We outline a theory of bounded affinity between religious experiences and beliefs and paranormalism, which emphasizes that religious and paranormal experiences and beliefs share inherent physiological, psychological, and ontological similarities. Despite these parallels, organized religious groups typically delineate a narrow subset of experiences and explanatory frames as acceptable and True, banishing others as either false or demonic. Accordingly, the theory provides a revised definition of the “paranormal” as beliefs and experiences explicitly rejected by science and organized religions. To demonstrate the utility of the theory, we show that, after controlling for levels of conventional religious practice, there is a strong, positive relationship between claiming Christian-based religious experiences and believing in, pursuing, and experiencing the paranormal, particularly among individuals not strongly tethered to organized religion. Bounded affinity theory makes sense of recent non-linear and complex moderation findings in the empirical literature and reiterates the importance of the paranormal for studies of religion.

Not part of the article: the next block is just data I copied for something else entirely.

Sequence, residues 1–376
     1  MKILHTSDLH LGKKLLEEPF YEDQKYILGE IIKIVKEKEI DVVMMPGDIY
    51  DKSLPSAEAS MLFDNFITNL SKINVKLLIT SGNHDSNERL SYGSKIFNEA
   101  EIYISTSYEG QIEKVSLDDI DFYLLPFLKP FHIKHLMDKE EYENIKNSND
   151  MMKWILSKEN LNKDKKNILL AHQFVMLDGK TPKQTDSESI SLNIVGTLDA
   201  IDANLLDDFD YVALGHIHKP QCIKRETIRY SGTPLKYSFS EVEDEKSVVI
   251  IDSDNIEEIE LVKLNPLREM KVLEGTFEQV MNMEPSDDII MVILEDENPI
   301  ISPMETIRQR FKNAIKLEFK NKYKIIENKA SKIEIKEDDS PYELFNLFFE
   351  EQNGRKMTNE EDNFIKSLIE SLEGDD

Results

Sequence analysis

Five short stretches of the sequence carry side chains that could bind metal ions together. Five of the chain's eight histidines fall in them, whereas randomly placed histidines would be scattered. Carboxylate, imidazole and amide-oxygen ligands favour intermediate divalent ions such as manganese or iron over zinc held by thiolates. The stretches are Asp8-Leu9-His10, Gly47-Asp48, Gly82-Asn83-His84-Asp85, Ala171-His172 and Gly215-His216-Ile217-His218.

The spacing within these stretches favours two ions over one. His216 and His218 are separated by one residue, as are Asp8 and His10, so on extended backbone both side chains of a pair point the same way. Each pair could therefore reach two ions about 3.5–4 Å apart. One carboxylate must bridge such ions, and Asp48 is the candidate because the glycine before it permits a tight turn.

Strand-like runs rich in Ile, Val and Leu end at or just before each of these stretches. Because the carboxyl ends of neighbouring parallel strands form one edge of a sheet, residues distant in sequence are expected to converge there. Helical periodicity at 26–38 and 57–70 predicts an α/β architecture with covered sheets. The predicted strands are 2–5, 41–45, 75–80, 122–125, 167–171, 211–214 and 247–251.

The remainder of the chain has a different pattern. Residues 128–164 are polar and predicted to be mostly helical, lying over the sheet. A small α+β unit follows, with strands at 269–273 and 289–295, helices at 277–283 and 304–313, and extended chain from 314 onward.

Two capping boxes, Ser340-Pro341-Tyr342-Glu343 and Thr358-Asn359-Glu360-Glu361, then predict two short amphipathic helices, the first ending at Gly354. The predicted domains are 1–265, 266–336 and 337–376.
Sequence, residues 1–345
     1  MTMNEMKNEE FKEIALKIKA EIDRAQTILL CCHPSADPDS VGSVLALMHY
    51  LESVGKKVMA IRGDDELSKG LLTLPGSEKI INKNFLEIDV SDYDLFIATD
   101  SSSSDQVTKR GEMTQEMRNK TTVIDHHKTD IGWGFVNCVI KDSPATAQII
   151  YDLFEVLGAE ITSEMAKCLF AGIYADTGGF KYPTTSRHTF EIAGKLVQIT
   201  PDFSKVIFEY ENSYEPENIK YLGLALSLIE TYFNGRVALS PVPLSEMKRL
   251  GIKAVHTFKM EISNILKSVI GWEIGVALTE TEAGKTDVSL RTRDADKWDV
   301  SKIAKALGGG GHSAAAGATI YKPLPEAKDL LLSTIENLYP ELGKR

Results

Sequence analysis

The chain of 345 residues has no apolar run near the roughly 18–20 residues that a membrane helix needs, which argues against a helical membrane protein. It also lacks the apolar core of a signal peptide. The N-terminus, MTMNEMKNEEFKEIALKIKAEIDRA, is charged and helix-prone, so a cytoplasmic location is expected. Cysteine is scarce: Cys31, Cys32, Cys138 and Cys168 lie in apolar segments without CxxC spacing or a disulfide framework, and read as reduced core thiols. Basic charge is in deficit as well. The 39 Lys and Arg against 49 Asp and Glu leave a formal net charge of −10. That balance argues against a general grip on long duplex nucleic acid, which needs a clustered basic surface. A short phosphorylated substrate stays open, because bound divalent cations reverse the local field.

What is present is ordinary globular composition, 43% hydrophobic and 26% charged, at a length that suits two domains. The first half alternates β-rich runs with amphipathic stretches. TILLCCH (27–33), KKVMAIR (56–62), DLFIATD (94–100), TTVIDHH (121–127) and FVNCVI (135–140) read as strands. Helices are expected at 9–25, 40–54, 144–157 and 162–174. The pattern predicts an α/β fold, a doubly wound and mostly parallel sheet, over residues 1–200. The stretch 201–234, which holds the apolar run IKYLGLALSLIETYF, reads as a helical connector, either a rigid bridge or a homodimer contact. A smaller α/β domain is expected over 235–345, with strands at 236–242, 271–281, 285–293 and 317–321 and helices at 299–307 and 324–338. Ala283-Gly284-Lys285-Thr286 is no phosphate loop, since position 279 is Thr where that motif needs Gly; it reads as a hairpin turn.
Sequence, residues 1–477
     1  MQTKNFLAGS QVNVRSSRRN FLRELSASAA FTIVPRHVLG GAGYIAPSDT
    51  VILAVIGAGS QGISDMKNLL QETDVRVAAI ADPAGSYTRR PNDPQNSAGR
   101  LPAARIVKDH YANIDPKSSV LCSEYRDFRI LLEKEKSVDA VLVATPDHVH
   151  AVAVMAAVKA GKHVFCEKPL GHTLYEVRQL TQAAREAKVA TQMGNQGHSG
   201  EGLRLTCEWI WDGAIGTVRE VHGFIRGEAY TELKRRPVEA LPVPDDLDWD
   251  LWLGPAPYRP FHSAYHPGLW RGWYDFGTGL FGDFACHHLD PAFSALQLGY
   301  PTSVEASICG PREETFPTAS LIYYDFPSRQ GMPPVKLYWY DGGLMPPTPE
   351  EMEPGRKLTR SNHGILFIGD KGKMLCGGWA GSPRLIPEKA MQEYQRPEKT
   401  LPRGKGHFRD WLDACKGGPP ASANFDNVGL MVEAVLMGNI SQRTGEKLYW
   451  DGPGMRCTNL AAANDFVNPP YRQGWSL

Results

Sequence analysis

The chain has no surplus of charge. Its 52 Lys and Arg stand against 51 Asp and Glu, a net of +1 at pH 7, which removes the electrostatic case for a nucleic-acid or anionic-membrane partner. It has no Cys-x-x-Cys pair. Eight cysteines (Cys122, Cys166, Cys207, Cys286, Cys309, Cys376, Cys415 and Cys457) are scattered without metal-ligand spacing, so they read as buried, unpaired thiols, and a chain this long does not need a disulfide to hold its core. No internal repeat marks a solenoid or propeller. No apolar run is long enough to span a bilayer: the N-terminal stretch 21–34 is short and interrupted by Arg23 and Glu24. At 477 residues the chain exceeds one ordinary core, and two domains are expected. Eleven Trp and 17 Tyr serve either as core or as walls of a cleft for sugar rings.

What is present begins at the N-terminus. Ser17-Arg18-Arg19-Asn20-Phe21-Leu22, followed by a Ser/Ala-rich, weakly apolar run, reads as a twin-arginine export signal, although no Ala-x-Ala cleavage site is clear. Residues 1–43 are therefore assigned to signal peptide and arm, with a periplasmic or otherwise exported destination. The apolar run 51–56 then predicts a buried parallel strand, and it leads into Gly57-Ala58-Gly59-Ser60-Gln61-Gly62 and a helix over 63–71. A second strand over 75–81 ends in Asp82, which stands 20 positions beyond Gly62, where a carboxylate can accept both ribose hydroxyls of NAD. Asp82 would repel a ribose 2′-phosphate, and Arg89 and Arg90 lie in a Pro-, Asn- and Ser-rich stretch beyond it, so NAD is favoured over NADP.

Baker, J. O., Bader, C. D., & Mencken, F. C. (2016). A bounded affinity theory of religion and the paranormal. Sociology of Religion, 77(4): 334-358. doi: 10.1093/socrel/srw040
Oxford University Press